With two of his rising sophomores coming back from O'Brien Award-winning campaigns and a Hambletonian champion likewise poised to return, trainer Luc Blais has high hopes for his trotting stable in the upcoming 2021 season.
Blais, whose trainees Donna Soprano and On A Streak were recognized as Canada's top two-year-old female and male trotter at last month's virtual O'Brien Awards gala, hasn't wasted any time at all getting his stable stars primed for their respective three-year-old campaigns:
"I started them the first of February," Blais told Trot Insider. "I've gone with those — On A Streak, Macho [Martini] and Donna Soprano. They’ve come back very well from the little rest they got. They’re growing, they’re more mature, and you can see on the track that they stepped up from last year."
While success at two isn't an instant recipe for the same at three, Blais feels that the talented youngsters in his barn — also including the aforementioned Macho Martini, who was nominated alongside On A Streak for divisional O'Brien consideration — have matured amply during their short winter respite.
"Two-year-olds sometimes, when you’ve got the right horse — I don’t want to say it’s easy — but, if you got a mature horse at two, you can beat some," the Québécois trainer now based in Campbellville, Ont., explained. "But at three, you have to step up very high now. Physically, they’re growing and feeling good and are very sound, feeling good on the track. I’m very pleased with the way they’ve come back."
Blais' trio of star three-year-olds have high expectations to maintain in 2021: Donna Soprano opened her career with a five-race win streak capped by a 1:53.3 score in the Peaceful Way, and then finished a game second to Venerate in the inaugural Mohawk Million.
On A Streak only won twice in 10 starts as a rookie, but he struck gold where it counted — in the William Wellwood Memorial and the Breeders Crown.
And, not to be outdone by either of his two O'Brien-winning stablemates, Macho Martini won eight of 11 starts as a juvenile, primarily on the Ontario Sires Stakes Gold circuit. Grand Circuit events — on both sides of the 49th parallel — are the target for all three of them this year, and Blais believes they've duly earned their places among North America's best and brightest.
"I think the way they showed last year, they pushed us to put them in the Grand Circuit," he said. "And the way they finished the season — maybe [with] Donna, she was a little tired at the end, but 'Streak' and 'Macho' were strong at the end and have come back good right now. I think we’re going to race in the Grand Circuit.... I think the Goodtimes is the first Grand Circuit race; that’s the plan for now."
Granted, Donna Soprano, On A Streak and Macho Martini made major names for themselves last year, but Blais wouldn't be surprised if one of his other 11 three-year-olds in training emerges as a major force despite only racing twice as a rookie:
"I raced a horse two starts last year, and he showed lots of things. A Muscle Hill — Mycrownmykingdom — he showed lots of talent. And he was a June 5 colt — was a bigger colt. I always liked him, but I gave him two starts and turned him out right away."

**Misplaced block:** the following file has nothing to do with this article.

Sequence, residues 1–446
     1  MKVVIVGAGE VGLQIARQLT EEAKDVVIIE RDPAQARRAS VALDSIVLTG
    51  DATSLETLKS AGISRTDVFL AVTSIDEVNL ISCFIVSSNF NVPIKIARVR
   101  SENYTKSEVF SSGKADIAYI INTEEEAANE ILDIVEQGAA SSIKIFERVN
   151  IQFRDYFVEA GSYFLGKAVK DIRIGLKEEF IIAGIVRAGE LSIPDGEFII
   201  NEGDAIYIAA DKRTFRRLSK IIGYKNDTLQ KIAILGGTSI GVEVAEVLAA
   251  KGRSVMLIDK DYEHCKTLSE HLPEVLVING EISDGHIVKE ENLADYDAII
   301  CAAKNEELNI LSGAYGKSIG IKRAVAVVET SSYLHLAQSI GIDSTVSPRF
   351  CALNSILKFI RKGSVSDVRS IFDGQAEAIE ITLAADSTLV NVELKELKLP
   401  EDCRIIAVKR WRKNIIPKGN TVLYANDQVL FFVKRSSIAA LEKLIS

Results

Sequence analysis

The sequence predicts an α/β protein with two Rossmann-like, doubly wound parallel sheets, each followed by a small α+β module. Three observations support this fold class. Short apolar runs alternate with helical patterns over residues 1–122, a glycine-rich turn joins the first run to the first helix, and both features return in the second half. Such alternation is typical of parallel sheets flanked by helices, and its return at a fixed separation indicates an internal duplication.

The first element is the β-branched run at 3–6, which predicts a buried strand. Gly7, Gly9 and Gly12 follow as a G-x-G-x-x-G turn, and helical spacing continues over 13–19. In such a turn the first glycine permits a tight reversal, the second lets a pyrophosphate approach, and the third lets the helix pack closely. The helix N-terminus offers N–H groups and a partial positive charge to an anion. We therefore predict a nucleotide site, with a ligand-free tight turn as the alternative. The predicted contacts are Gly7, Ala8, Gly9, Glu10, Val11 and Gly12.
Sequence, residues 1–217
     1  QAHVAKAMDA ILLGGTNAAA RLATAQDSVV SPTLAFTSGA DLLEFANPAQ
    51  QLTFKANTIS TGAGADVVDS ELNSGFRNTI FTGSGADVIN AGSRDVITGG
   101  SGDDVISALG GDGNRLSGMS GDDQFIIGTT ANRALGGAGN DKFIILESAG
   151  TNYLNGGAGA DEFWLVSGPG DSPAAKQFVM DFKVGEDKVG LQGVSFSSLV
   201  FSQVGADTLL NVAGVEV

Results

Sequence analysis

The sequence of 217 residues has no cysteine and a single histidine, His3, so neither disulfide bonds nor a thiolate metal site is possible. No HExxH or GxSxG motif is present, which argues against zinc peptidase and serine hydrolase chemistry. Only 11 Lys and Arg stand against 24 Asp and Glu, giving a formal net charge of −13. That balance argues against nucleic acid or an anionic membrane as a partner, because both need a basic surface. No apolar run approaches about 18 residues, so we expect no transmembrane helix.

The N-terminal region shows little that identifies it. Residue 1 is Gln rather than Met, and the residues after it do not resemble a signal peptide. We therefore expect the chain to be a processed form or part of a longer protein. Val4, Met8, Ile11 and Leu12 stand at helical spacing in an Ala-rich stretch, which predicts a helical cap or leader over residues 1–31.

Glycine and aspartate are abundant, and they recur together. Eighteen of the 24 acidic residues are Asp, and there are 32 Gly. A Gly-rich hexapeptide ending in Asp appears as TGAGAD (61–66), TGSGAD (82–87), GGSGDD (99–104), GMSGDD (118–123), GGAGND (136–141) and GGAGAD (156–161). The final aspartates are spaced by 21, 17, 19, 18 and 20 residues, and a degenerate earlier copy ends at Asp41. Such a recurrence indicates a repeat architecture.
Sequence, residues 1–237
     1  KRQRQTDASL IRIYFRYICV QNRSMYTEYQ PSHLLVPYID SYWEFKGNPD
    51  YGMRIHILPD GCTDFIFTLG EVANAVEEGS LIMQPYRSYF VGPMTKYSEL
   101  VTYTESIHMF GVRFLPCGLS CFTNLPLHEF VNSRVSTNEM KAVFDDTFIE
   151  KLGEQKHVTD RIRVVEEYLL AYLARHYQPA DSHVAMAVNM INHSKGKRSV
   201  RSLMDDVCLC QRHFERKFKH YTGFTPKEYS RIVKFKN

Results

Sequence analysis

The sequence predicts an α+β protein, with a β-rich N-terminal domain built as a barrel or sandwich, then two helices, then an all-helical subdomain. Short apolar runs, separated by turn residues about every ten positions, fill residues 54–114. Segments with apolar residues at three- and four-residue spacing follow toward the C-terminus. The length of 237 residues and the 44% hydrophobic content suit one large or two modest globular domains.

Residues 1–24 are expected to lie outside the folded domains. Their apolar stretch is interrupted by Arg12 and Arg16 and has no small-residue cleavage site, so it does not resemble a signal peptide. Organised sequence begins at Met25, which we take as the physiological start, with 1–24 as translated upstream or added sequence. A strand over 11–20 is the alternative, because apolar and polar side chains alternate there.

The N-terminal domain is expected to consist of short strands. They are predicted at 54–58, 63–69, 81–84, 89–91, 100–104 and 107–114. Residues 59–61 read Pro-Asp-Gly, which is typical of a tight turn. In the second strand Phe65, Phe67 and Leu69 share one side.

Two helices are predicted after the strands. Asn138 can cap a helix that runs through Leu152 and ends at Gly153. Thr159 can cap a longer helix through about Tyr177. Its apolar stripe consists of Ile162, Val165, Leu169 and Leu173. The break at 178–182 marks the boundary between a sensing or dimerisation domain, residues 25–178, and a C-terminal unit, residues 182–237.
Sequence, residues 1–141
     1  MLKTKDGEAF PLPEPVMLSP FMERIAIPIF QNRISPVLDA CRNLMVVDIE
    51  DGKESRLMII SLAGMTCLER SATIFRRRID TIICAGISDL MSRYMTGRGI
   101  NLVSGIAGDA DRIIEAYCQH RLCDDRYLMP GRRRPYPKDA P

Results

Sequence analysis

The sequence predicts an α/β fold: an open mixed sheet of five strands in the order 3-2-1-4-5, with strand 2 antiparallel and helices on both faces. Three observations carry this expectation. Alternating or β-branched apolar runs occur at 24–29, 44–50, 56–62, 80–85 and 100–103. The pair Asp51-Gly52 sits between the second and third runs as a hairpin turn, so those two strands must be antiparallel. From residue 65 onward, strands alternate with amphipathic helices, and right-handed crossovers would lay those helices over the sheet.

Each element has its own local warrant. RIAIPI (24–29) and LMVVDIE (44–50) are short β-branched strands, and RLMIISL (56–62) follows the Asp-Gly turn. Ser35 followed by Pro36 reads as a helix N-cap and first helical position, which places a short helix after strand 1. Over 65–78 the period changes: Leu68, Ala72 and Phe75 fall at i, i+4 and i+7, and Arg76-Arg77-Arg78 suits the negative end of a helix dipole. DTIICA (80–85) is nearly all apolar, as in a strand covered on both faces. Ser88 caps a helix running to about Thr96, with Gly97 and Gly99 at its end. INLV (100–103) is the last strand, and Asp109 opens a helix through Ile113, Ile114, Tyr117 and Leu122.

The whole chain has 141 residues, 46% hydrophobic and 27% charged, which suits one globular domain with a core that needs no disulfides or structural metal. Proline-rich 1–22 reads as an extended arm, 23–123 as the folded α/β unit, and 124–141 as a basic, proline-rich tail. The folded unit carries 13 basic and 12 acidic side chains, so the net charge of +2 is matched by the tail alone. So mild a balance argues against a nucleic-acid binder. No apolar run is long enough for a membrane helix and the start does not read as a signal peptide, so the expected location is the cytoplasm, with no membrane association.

A brother to the great Bee A Magician and a $450,000 yearling Mycrownmykingdom failed to threaten in either of his August starts last year, but Blais is pointing him to an early start this season to help him get up to speed — should he fulfill his potential.
"He looks really good right now," Blais continued. "He’s going to be ready before — I’m starting earlier with him to give him a few starts before the stakes start. He’s a nice-looking horse. He’s strong, big. Last year, he showed some talent. We’ll see. He’s got everything — the pedigree, the size. And a very good attitude, too."
In all, Blais has 33 horses in training — 14 two-year-olds, 14 three-year-olds, and a handful of older competitors, including 2019 Hambletonian winner Forbidden Trade, who is poised to return to the races after an abbreviated 2020 campaign. After considering test breeding the son of Kadabra this season, Blais and owner Determination opted to keep the millionaire trotter's focus solely on racing in 2021.
"He just started about a month ago, and he looks very good right now," Blais said. "I just hope he stays sound; he looks very sound. We gave him time to recover, and we’re going to give him a chance. But he looks really good — looks really healthy, and I’m very pleased with him."
Young or old, Grand Circuit star or overnight warrior — one commonality stands out in every horse that races for the tandem of Determination and Blais: patience. And that patience has has enabled every horse in the care to achieve their absolute best.
"You can’t push when they’re not right," Blais explained. "Sometimes when you do that, they start to hurt themselves and change their attitudes and may never be the same. I don’t know, that’s the way I think. And I believe that, too. I played sports, and when you’re young, you have no fear, but when you start to hurt, it’s a different game. I think the horse is the same thing. But that’s good to have Serge [Godin] understand that. And I think that’s good, because a late bloomer can make a good horse too. Like you say, we’ve got nice pedigree and nice conformation, and sometimes they just need a little bit more time developing. We take them like individuals. Every horse is different — we try to give them a chance."